Clarence Graczyk pays homage to the White Sox on the walls of his home.
When it comes to collecting, Clarence Graczyk isn’t particularly discriminating—beer cans, soda bottles, beer taps—but only one subject has sustained his interest for a solid half-century: the Chicago White Sox. About five years ago, Graczyk unloaded his boxes of Sox-related ephemera—accumulated from the 25 games a season he’s spent in the ballpark since 1957—and transformed his son’s former bedroom into an unofficial shrine.
“I guess you could say his over collecting is a hobby,” says Dan Graczyk, describing his 79-year-old father, who lives in Jefferson Park.
Under a flickering ceiling of silver stars hand-cut from pie tins, the black- and silver-painted walls showcase a panoply of paraphernalia: adult- and kid-size T-shirts, a valentine-colored pendant, a 1991 game schedule, dusty newspaper clippings, an engraved Louisville Slugger and at least a dozen ball caps. “I never paid for a hat,” he says, noting how many commercial-logo-laden “gifts” he’s received on game days. He attributes a dollar amount to nearly every item—from the $3 bag of stale peanuts to an album of 18-karat-gold baseball cards of the 2005 World Series–winning team, valued at $700. In the center of the room sits an original, aqua-green Comiskey Park stadium seat, a $250 splurge by which to remember the old park.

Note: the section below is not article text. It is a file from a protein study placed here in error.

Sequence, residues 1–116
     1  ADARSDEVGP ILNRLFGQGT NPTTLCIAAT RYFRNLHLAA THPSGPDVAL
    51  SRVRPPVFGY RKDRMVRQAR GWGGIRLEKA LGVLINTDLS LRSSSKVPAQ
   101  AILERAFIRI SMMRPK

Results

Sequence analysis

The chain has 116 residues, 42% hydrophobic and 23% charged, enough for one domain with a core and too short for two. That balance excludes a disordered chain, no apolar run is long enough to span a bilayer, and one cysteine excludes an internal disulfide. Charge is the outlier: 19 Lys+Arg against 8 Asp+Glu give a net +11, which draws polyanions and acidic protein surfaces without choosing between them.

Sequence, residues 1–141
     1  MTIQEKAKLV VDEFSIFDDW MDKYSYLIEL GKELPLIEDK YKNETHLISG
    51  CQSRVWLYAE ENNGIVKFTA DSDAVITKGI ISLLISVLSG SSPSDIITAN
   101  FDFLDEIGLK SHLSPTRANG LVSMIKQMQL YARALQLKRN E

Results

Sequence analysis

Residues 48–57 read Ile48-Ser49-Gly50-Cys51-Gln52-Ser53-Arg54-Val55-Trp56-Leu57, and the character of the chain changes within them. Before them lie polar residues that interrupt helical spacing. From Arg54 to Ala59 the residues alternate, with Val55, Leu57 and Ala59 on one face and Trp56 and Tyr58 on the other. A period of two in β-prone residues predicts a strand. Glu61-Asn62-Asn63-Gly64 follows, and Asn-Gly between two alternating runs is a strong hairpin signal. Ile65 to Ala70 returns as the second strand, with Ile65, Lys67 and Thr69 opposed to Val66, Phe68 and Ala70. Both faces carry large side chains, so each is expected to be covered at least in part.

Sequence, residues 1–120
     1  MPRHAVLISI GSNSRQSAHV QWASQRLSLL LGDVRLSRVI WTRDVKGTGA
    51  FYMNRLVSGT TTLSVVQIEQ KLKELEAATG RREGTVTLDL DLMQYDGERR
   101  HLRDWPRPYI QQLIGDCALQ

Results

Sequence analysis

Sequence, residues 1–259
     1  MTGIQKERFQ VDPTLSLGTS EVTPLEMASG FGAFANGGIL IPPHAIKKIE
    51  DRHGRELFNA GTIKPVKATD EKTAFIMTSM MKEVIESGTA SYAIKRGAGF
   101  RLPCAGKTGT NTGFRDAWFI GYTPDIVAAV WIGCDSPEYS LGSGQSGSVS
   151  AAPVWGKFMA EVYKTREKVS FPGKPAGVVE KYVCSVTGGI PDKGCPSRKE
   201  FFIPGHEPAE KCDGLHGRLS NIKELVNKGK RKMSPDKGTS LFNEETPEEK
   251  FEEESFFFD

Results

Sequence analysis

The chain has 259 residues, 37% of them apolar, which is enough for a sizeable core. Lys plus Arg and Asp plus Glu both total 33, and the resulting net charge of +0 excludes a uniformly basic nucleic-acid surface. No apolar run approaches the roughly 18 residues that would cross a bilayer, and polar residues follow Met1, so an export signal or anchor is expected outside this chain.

He picks up a signed baseball that sits on a shelf. “This ball was hit by Mike Sweeney with the Kansas City Royals,” he says. “This ball comes in and the security guard picks it up and says, ‘This is yours.’ I have about ten kids come over to me saying ‘Mister, can I have the ball?’ and I say, ‘Listen, I waited about 40 years for this ball. You’re young. You’re gonna get one someday, too.’ ”
Beyond the dedicated baseball room, Graczyk’s thematic assemblages tend to collect in the back of the house: two adjoining walls featuring beer cans through the decades, with an emphasis on Schmidts from the ’60s (a gift from Dan from his days in the Beer Can Collecting Society); dozens of toy cars; a corner of Coca-Cola collectibles; and about 600 ashtrays.
The backyard houses his latest, and perhaps most hands-on-labor-intensive, endeavor to date: a mini-golf course. “I was in Lincolnwood [five years ago] and [wanted to go mini golfing],” he explains. “I said, ‘How much is golf?’ [The employee] said, ‘five dollars a person.’ I said, ‘Oh boy.’ That’s what made me [build my own]. It cost me $500 to do it.”
The yard started off plain and simple, but between all the time he had after retiring from his job as a pub proprietor and his proclivity for taking hobbies to the extreme, Graczyk’s modest mini-golf course grew to carnivalesque proportions. Plywood pedestals topped with animal figurines bought at various garage sales, a homemade “wishing well” and bird baths dot the Astroturf. Swan-shaped planters perch on top of the shed in the plot’s rear end, where Graczyk tinkers with his latest project. CDs painted in bright colors line the wooden fence along with a string of Christmas lights. After entertaining himself, his son and some friends for a few years, the course doesn’t see much action these days, except when his golden retriever explores the cluttered terrain.
1 “[When he lights it up], you can see that yard from Google Maps,” says Graczyk’s son.
2 Using bowling pins recovered from a now-shuttered Northwest Side bowling alley, Graczyk makes and gives away these quirky homemade lamps.
3 This souvenir from Mall of America, a Wheaties box with Gracyzk front and center, resides on the mantle with his collection of bobblehead dolls.
4 Despite his loyalty to the White Sox, Graczyk houses a handful of Cubs stadium seats in the yard on the sidelines of the golf course.
5 During his nearly-30-year-long stint running his father’s former bar, Graczyk amassed a collection of 75 beer taps.